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Player power forces a climbdown from the IRFU but actions matter most

The hard-hitting letter has set the ball rolling with two reviews to be published early next year.

Ireland captain Ciara Griffin is one of the players who signed the letter.
Ireland captain Ciara Griffin is one of the players who signed the letter.
Image: Dan Sheridan/INPHO

SEEING THE IRFU climb down from its initially confrontational and dismissive position has been a good start for the 62 Irish women’s rugby players who signed a letter sent to the Irish government last week expressing their lack of faith in the union.

That strongly-worded letter asked Sports Ministers Catherine Martin and Jack Chambers to intervene with the IRFU in order to ensure complete transparency in the two independent reviews ongoing in the women’s game.

In that sense, the letter can only be deemed a major success.

The IRFU yesterday promised to publish the two reviews – the first into Ireland Women’s failure to qualify for next year’s World Cup, the second being a wider, structural review into the women’s game in Ireland.

The World Cup review is due to be published next month and will make for intriguing reading. It will no doubt be embarrassing for some people who are criticised and it’s a complete u-turn in policy from the IRFU.

Up until now, they have never published reports like this in either the men’s or women’s game. It will be interesting to see if this is the policy going forward.

The second review into women’s rugby will be unveiled in the first quarter of next year and feels like it could be just as important. The women’s game in Ireland benefits from lots of people working hard for progress but there has been a lack of connection along the way.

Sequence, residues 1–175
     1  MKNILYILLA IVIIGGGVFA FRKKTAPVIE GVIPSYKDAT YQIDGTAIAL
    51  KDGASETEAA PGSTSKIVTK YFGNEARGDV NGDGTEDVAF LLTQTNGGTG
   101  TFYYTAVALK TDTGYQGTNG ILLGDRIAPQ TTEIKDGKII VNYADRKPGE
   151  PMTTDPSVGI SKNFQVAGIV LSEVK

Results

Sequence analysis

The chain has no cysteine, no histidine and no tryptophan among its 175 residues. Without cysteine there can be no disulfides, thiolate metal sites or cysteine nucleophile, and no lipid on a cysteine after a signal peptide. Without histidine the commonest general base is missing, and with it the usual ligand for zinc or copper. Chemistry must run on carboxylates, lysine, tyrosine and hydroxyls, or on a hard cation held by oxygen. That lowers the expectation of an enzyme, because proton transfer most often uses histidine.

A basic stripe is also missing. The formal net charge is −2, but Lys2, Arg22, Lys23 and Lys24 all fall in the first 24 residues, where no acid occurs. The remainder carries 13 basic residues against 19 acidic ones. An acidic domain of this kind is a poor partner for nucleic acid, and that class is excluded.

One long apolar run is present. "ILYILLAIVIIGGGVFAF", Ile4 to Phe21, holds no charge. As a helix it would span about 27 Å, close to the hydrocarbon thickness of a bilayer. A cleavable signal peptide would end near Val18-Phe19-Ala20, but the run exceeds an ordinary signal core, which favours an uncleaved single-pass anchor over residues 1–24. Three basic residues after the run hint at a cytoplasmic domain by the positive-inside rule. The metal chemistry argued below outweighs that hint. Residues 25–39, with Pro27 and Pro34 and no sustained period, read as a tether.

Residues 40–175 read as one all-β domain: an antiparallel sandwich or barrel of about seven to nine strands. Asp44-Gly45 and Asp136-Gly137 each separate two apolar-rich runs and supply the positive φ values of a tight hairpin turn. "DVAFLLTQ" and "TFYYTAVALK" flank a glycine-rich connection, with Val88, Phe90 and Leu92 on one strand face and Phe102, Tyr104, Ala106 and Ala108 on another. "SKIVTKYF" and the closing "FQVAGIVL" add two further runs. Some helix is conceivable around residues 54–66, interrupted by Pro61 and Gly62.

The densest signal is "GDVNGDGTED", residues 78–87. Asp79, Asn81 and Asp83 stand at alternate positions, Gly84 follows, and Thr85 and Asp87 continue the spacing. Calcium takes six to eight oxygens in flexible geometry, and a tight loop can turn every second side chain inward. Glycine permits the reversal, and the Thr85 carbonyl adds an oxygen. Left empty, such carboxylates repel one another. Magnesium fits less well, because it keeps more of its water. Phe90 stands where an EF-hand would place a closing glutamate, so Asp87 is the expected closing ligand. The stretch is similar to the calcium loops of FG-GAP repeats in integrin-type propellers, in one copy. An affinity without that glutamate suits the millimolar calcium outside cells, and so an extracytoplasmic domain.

On top of tangibly succeeding in their aim of the reviews being made transparent, the players who signed the letter have also made the IRFU acknowledge that they will listen to them.

The union’s statement yesterday vowed that it will seek a meeting with some of the players next month and “assures them that their views will be listened to and fed into future planning.”

Words, of course, are the easy part. The IRFU couldn’t manage even that on Monday evening when they dismissed the players’ letter as “outside interference” and came across as aggressive in their response.

Soon after, Ministers Chambers and Martin made it clear they were certainly taking the players’ message seriously and they sought a meeting with the IRFU – with Chambers expected to meet with the union next week.

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jack-chambers Minister Jack Chambers is expected to meet with the IRFU next week. Source: Laszlo Geczo/INPHO

That forced the IRFU into a rethink and at a committee meeting on Thursday, they agreed to climb down from the position of confrontation, cede to the players’ demands, and make an attempt at conciliation. Yesterday’s statement expressed the union’s regret.

What matters next is the actions of those in the union. 

Publishing the reports is a start but the IRFU needs to mend relationships with the players, so many of whom will hope to feature under new head coach Greg McWilliams in the coming years as the rebuild on the pitch begins. What must McWilliams have made of the past few weeks and months since he accepted the position?

The IRFU yesterday vowed to work “tirelessly to mend and build the relationship between the union and our players,” who pointed to what they called “inequitable and untrustworthy leadership” from the union. 

It was a stunning move from the 62 players to send their letter to the Irish government just over a week ago, but it has got the ball rolling in the direction they wanted.

Long-term, actions will speak much louder than words in the IRFU’s case. 

About the author:

Murray Kinsella

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